For reasons known only to God, Came the Brawn was once remade in claymation, along with several other Our Gang shorts.  I hope nobody in Hollywood reads this - it might become the new remake trend.


With: Alfalfa, Porky, Darla, Junior
New to the Gang:: Philip Hurlic, Leonard "Percy" Landy
Notable Adult:  Johnny Arthur
Directed by Gordon Douglas
Reviewed by JB

      STORY:  It's Mr. Hood's birthday, and the Gang comes over to lavish him with songs and presents, much to his consternation.

     Another borrowed plot, another fun short.  Johnny Arthur returns as Mr. Hood, and the Gang return to make his evening miserable.  Only now, the Gang consists only of of Alfalfa, Porky and Philip Hurlic, a sort of "Stymie Lite" ("Now with fewer puns!") whose Our Gang career ended ten minutes after this film's opening credits.  Apparently, after Feed 'Em and Weep, Buckwheat came out of hiding, yelled "Here I Is!" and things went back to normal.  This is Philip's only short, but I feel like mentioning that he was pretty good.  He doesn't do anything special, and even muffs a line, but for whatever reasons, he feels like part of the Gang, even though he really isn't.  Compare him to "Spud" from Bear Shooters and you may see what I mean.

      Feed 'Em and Weep is a winner thanks to Johnny Arthur's always amusing characterization of the put-upon Mr. Hood.  The Gang is more irritating in this film than in the previous Mr. Hood short Night N' Gales, but that is tempered by the fact that they genuinely seem to be fond of the poor guy, their sole purpose of coming over being to help him celebrate his birthday.  The celebration consists of singing "Happy Birthday, Mr. Hood" while presenting him with a frog, a duck and a cat, getting into an argument over whether Flash Gordon or Tarzan is stronger, and not allowing Mr. Hood to consume even a nibble of his dinner or dessert.

     Alfalfa's rendition of "Many Happy Returns of the Day" is a bit painful to sit through, but otherwise, Feed 'Em and Weep is the last truly above-average Our Gang short from the Roach years. 


MR. HOOD: "And to think that this should happen to me on my natal anniversary!"


With: Alfalfa, Buckwheat, Porky, Spike, Pete the Pup, Elmer the Monkey
Notable Adults: Jack Norton
Directed by Nate Watt
Reviewed by JB

      STORY:  Lacking funds for baseball gear, the Gang plan to have their teeth, thereby getting money from the Good Fairy.   But the local dentist teaches them a durned good lesson, gosh darnit!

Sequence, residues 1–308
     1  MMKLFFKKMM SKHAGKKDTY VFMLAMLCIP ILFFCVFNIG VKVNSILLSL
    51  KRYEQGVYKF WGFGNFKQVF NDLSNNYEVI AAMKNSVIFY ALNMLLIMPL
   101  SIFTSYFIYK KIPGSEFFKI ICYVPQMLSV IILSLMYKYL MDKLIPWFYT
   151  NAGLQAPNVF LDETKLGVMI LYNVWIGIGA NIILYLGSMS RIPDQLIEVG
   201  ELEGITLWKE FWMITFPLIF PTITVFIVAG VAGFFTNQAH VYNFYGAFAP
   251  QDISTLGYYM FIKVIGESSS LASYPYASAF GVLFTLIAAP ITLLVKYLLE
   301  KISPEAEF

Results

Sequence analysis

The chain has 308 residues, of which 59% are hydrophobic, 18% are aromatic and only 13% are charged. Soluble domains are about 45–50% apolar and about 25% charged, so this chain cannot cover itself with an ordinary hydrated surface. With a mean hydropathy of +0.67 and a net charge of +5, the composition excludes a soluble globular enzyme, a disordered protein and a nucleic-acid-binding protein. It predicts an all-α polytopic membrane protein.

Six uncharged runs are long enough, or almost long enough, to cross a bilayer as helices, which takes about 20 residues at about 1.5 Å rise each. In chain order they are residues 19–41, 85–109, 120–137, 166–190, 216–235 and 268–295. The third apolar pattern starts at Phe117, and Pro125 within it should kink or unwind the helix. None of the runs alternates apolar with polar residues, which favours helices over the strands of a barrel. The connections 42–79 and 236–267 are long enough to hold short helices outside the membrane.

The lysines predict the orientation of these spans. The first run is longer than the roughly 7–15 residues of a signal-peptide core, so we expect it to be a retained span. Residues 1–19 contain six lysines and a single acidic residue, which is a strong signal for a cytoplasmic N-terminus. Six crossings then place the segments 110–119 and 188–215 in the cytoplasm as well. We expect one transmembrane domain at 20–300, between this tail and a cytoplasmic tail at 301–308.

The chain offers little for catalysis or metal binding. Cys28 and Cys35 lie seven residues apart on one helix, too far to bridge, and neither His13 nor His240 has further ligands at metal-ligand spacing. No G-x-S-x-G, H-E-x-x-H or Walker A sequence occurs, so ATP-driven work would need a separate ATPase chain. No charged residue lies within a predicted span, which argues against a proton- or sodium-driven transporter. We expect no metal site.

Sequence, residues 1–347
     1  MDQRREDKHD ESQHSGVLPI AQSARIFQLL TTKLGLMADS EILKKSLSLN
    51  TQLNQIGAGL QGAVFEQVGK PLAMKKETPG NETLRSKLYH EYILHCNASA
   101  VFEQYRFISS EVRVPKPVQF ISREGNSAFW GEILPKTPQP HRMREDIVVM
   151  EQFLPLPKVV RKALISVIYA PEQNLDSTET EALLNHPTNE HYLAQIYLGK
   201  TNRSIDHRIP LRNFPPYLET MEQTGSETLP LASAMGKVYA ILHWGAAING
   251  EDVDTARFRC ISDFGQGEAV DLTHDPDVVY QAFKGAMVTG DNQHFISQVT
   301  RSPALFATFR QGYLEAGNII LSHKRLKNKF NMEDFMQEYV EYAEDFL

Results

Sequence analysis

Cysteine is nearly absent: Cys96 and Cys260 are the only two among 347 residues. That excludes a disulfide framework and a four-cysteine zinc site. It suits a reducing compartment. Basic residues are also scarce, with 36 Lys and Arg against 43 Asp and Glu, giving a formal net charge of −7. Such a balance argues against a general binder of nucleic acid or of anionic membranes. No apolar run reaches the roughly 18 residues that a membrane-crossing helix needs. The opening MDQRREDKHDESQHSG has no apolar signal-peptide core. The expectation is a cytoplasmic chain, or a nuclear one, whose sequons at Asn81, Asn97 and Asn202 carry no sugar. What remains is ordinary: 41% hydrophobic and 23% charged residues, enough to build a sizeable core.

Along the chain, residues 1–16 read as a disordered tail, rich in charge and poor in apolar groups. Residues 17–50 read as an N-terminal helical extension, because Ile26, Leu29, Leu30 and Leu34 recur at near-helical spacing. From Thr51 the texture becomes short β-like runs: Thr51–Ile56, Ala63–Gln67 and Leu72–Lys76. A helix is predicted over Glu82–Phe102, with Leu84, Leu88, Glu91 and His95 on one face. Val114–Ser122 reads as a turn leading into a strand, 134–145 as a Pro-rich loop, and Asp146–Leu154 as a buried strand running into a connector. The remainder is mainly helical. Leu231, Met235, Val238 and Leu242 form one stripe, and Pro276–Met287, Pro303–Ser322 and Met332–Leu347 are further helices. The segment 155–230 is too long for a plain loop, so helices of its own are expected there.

This short brought to you by The American Dental Association.  Or at least it should have been.  Jack Norton, famous for playing drunks, plays the dentist stone cold sober.  Too bad.  A drunken dentist would have least taken the edge off the preachy, afterschool special atmosphere of this film.  At one point, Elmer the Monkey threatens to create havoc, but even that comes to nothing.

     Besides Jack Norton, the only interesting things about this short is the half-hidden advertisement featuring Babe Ruth in the window of the sporting goods store, and the final all-too-brief appearance of Pete the Pup in a Hal Roach comedy.  And remember, Doctor Schwartz says: take good care of your teeth and keep them as long as you possibly can!


With: Alfalfa, Buckwheat, Porky, Darla, Junior, Percy
Directed by Gordon Douglas
Reviewed by JB

      STORY:  Detective Alfalfa's search for Darla's missing candy leads him into a Haunted House exhibit at the local pier. 

      Not bad for the last Our Gang short, but not great either.  A fun idea - Alfalfa, Buckwheat and Porky stuck in what they think is a haunted house - could have been better had Roach and company actually let the Gang loose in a real amusement park spook house.   Instead, they create one themselves out of what looks like leftover props (including a bogeyman costume from BABES IN TOYLAND) and novelties from a local magic shop.  It's not convincing at all, but it is amusing to see them trying so hard.

     And with that, the Hal Roach version of Our Gang was officially...

Out of Bizzness


"Now what would Sherlock's Home do in a case like this?"